Healthy groceries, home-delivered meals, air conditioners and grab bars in the bathroom may soon be some of the “medically appropriate” benefits covered by insurance.
The Centers for Medicare & Medicaid Services expanded the definition of “primarily health-related” benefits insurers can include in their Medicare Advantage policies. Beginning in 2019, insurers can provide retirees care and devices to prevent or treat illness and injuries or reduce emergency medical care. The type of benefits offered can vary according to the beneficiaries’ place of residence.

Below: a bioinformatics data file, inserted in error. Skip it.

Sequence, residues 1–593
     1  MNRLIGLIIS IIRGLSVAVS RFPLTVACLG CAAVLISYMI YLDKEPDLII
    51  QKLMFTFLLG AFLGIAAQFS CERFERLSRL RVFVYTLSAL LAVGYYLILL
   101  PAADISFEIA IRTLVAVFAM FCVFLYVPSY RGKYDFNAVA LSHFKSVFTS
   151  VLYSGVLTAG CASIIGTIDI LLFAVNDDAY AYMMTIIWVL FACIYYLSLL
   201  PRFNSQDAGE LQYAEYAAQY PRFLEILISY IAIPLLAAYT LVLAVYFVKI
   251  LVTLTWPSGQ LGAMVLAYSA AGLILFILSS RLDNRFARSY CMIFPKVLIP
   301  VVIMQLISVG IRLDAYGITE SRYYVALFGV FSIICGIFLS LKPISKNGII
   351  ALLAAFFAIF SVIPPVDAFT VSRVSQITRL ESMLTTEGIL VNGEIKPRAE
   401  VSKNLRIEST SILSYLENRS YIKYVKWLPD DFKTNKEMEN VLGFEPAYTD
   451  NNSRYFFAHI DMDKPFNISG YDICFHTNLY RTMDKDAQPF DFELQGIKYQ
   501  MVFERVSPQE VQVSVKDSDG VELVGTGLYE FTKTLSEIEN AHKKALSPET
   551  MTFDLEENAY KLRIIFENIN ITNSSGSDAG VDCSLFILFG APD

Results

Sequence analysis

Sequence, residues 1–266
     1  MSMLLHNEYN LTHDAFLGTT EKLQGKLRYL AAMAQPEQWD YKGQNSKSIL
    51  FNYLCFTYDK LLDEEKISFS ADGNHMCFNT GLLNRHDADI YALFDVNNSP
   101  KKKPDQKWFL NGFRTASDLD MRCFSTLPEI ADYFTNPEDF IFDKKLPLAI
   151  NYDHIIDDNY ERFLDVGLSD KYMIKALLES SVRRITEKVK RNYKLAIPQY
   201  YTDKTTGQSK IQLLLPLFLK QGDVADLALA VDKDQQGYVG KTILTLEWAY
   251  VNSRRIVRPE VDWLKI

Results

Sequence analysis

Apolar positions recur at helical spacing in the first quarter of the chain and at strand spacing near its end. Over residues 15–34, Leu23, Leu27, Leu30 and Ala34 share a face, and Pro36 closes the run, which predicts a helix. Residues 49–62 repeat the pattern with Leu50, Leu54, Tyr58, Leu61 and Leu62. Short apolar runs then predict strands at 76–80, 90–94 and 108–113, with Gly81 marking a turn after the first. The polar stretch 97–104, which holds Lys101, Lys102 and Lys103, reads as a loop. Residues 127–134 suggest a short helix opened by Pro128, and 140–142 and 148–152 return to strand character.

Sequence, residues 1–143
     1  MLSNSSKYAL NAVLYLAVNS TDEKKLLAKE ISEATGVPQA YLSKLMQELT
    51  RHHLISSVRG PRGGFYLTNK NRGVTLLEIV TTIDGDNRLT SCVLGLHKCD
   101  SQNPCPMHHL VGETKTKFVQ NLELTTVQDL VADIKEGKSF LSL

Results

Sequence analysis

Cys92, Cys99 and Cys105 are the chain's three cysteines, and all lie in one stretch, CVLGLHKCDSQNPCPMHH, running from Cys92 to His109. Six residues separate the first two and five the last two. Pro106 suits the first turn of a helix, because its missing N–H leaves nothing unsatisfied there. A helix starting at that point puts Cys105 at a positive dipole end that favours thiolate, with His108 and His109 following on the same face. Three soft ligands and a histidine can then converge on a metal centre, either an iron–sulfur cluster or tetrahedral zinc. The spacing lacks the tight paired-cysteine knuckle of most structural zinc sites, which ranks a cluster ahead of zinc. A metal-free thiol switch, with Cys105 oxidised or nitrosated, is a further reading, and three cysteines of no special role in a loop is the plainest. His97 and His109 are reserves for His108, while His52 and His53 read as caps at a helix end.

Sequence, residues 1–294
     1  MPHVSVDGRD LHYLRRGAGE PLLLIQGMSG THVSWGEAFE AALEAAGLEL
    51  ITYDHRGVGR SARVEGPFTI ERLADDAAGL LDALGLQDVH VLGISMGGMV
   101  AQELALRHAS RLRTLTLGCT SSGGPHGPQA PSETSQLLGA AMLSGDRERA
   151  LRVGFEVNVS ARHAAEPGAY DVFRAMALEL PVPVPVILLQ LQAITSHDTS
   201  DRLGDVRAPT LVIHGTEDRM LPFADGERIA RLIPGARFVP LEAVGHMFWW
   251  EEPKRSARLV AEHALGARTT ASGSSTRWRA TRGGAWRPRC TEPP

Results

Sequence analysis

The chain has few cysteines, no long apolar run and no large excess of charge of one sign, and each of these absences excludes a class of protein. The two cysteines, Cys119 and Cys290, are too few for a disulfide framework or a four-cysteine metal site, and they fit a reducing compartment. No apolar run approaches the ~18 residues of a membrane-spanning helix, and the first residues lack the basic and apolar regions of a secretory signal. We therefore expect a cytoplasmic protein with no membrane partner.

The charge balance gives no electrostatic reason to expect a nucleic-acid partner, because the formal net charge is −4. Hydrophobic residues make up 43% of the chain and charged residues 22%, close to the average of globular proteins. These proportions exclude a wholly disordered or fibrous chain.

Experts believe these benefits will reduce costs and advance beneficiaries’ health. Observers are hopeful insurers for individual and employer-sponsored health insurance soon will follow suit if studies indicate that food-related and care interventions will lower costs and improve health outcomes.
For instance, the Institute on Aging, a California nonprofit that offers services for seniors and adults with disabilities, reduced health care costs 30 percent by taking a more integrated approach to addressing participants’ social and health needs. A Health Affairs study showed a 16 percent decrease in overall medical spending for participants in a medically-tailored meal program.